The ACT’s peak welfare group has blasted Housing ACT’s new tenant relocation push as heartless. They have called on the government to pause the process and genuinely engage with the more than 300 households that received letters last week saying they would have to move from their current homes.
The ACT Council of Social Services said the letters advising tenants they would have to move because their homes had been earmarked for sale or redevelopment as part of the public housing renewal program came out of the blue for many of them.
ACTCOSS CEO Dr Emma Campbell said community groups had been inundated with calls from distressed tenants, many of whom had not heard from Housing ACT for years.
She said a mass mailout with a fact sheet and a list of community organisations’ telephone numbers was not appropriate for dealing with vulnerable people.
“I know of one person in their 80s who has received this letter and they were certainly not aware that their house was under this scheme,” Dr Campbell said.
“There have not been appropriate supportive processes for that individual, and I know it’s been the case for a number of other tenants as well.”
Dr Campbell said the organisations listed in the fact sheet had not received any more resources to deal with an influx of calls from concerned tenants.
“We need to meet with Housing ACT and with the Minister,” she said.
“They need to put a hold on these notices and reassure the tenants that they will be able to access good quality advocacy, that the individual circumstances of tenants will be heard and considered and responded to if it’s not appropriate to ask those individuals to move.
“I don’t think someone in their 80s with dementia should be forced out of their home.”
Dr Campbell said ACTCOSS supported in principle the efficient management of and reinvestment in housing stock but had deep concerns about how the renewal program was being implemented.
“We don’t understand the basis on which Housing ACT has selected some of these houses,” she said.
“There’s no transparency around how decisions have been made as to which tenants have received letters, apart from noting that some of those properties are on high-value land, or the tenants themselves have invested large amounts of their own money in the property to get them up to scratch.”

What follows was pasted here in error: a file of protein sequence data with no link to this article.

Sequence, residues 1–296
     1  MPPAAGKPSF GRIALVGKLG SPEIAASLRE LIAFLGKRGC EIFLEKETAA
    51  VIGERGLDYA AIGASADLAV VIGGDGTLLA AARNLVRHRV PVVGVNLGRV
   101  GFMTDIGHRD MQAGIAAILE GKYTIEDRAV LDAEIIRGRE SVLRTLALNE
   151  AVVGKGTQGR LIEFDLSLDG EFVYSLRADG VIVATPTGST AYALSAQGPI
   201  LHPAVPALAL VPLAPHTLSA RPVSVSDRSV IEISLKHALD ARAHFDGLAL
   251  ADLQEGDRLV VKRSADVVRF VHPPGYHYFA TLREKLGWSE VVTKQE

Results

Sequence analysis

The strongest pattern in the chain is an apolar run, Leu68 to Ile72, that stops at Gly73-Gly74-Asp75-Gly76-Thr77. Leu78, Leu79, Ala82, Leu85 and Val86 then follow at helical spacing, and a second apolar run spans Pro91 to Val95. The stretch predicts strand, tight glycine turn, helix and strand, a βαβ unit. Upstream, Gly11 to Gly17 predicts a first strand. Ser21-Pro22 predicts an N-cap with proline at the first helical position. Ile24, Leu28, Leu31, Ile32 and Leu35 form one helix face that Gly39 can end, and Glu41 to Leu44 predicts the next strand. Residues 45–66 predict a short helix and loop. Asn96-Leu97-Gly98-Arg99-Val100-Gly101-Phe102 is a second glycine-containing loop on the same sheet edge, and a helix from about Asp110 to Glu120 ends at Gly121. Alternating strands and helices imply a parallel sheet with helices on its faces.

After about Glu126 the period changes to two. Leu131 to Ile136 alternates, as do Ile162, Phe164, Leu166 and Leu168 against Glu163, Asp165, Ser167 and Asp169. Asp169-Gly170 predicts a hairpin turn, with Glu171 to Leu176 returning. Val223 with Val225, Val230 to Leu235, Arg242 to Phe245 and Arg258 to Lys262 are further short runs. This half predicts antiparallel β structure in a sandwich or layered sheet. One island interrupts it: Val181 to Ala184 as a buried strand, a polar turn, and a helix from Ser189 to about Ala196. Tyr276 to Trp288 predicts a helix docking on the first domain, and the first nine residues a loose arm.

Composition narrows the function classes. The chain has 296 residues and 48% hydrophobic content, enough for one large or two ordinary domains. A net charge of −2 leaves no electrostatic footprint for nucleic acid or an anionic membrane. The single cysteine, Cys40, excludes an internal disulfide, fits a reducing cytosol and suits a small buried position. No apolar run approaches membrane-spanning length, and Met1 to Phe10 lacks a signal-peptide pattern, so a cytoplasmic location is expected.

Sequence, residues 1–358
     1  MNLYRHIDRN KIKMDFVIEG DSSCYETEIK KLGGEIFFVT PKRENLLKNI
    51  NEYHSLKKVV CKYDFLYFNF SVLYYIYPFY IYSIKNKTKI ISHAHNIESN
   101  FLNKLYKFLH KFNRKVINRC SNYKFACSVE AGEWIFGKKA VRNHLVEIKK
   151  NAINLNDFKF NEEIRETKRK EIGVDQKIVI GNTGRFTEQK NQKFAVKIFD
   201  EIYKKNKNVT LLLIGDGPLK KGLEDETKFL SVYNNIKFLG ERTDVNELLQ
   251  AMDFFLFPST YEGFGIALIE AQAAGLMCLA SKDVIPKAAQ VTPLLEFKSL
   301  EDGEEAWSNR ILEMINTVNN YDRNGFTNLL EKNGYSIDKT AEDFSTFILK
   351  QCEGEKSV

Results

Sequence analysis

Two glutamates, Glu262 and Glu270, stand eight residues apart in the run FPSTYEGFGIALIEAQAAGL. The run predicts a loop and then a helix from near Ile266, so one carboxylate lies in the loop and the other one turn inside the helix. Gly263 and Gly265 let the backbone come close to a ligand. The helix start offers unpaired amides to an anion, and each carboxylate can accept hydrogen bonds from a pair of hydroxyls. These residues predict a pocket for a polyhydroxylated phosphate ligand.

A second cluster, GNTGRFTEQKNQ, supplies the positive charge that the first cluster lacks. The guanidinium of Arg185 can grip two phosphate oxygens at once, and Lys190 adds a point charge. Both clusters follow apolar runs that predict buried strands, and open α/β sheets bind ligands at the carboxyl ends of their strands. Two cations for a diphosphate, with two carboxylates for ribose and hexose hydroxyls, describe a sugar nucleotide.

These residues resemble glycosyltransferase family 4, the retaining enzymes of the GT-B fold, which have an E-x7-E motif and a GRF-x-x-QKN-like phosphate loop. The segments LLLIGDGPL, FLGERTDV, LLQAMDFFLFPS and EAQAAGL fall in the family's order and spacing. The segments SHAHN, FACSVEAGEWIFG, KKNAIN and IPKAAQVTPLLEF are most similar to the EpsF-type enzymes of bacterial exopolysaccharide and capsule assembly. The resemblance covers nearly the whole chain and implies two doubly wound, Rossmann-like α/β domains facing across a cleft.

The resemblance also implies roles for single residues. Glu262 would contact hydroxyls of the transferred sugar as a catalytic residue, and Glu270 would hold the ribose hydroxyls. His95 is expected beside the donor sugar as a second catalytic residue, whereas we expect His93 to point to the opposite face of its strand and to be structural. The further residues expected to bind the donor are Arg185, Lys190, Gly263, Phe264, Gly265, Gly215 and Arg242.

She said to ask someone in their 60s, 70s or 80s to leave a home with no clear reason after they have lived in it for decades is unconscionable.
Dr Campbell noted there may be some people in larger houses who would be willing to downsize, but more than 300 people were notified by post without any consideration of their individual circumstances, “whether or not they are well enough to move, whether or not they have invested large amounts of money in the property with the permission of the ACT Government, or whether or not they are carers for their grandchildren and children, whether or not they are living near support networks”.
“None of these things have been taken into account when these letters were sent out,” she said.
Housing Services Minister Rebecca Vassarotti said she believed the letters had been hand-delivered so tenants had an opportunity to discuss the matter.
Ms Vassarotti insisted that Housing ACT had been in touch with tenants before the letters were sent and that there would be a tailored response.
“We’ve been looking to contacting tenants all the way and also looking at the supports that are needed and also ensuring that community organisations are involved every step of the way,” she said.
However, she acknowledged that some tenants may have slipped through the cracks.
Ms Vassarotti said the community expected that the government would manage its housing stock properly and was renewing it.
“We’re actually providing homes to our tenants that are modern, accessible and cheaper to run,” she said.
“I would hope all community partners would welcome us really working to see how we can provide more public housing properties, something advocates call for the government to do all the time, and this is part of how we manage this stock.”
Ms Vassarotti said it would be difficult for some tenants, but Housing ACT staff would be working sensitively with tenants to match them to properties that meet their needs.
The letter says a dedicated Tenant Relocation Officer will provide tenants with personalised, one-on-one support, but Dr Campbell said tenants needed independent advice.